(Repeats to additional subscribers)
Dec 6 A crude oil transmission line was shut
down in western North Dakota following a leak that spilled oil
into a creek, the state said on Tuesday.
The size of Monday's leak and extent of the spill were not
yet known. It occurred as Native Americans, climate activists
and other protesters were camped around 200 miles away at the
Dakota Access pipeline project site over concerns a leak there
could contaminate the water supply.
The leak that prompted the shutdown was discovered in a
six-inch pipeline operated by Belle Fourche Pipeline Company,
the North Dakota Department of Health said. An undetermined
amount of crude oil was spilled, the state said.
"A series of booms have been placed across the creek to
prevent downstream migration and a siphon dam has been
constructed four miles downstream of the release point," Bill
Suess, spill investigation program manager for the North Dakota
Department of health, said.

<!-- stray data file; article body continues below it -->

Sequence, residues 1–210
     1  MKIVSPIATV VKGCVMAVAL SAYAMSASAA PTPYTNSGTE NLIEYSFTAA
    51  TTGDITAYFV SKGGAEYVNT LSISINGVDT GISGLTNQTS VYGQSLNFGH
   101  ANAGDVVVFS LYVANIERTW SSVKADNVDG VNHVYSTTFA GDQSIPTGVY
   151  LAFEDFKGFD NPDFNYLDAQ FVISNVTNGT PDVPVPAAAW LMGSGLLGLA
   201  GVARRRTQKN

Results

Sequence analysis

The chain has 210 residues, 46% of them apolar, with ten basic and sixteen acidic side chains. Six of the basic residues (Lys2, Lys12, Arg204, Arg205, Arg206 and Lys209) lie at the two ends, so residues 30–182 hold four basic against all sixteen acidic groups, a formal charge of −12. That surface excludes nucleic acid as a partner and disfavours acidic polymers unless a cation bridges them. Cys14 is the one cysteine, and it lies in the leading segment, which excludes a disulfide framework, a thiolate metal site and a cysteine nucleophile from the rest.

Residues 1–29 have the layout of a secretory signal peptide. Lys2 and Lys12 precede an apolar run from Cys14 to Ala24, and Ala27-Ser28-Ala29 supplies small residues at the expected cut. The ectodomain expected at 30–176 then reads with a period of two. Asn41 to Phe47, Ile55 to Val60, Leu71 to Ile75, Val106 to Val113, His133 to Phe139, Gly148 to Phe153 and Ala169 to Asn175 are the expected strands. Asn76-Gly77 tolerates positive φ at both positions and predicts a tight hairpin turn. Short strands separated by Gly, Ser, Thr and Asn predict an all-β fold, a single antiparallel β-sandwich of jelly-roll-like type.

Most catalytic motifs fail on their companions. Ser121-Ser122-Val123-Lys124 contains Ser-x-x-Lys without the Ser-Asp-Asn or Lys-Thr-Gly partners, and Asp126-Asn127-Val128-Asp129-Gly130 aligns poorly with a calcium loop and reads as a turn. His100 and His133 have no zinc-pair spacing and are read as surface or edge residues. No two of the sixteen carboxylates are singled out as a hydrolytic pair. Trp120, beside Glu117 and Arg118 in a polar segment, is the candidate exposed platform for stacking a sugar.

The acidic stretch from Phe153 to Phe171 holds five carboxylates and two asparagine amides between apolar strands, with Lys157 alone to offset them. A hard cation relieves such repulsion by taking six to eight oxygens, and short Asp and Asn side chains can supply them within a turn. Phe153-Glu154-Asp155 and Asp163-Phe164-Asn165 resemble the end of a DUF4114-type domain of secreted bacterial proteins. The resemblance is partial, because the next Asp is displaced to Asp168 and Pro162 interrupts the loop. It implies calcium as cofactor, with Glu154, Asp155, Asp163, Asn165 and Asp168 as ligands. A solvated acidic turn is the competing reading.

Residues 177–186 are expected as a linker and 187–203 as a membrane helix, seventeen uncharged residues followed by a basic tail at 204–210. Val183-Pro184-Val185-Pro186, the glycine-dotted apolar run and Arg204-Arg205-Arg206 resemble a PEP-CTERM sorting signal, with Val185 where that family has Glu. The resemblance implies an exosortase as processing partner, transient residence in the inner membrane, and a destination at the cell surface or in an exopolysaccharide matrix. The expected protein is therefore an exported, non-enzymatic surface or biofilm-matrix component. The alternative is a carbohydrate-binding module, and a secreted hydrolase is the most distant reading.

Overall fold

The spill leaked oil into the Ash Coulee Creek in Billings
Since 2011, the Belle Fourche Pipeline has had 10 reported
spills, totaling 4,848 barrels and $2.26 million in property
damage, according to the U.S. Department of Transportation's
Pipeline and Hazardous Material Safety Administration (PHMSA).
The federal agency has also issued six warning letters to
the pipeline company regarding integrity issues and safety
PHMSA has been notified of the incident, an agency
Belle Fourche Pipeline is a 783-mile liquids pipeline. The
company transports crude oil in the Williston Basin of western
North Dakota and eastern Montana, and the Powder River Basin of
Wyoming, according to the company website.
The Dakota Access Pipeline, owned by Texas-based Energy
Transfer Partners LP, had been completed except for a
segment planned to run under Lake Oahe, a reservoir formed by a
dam on the Missouri River.
(Reporting by Nithin Prasad in Bengaluru and Jarrett Renshaw;
Editing by Jim Finkle, David Gaffen and Meredith Mazzilli)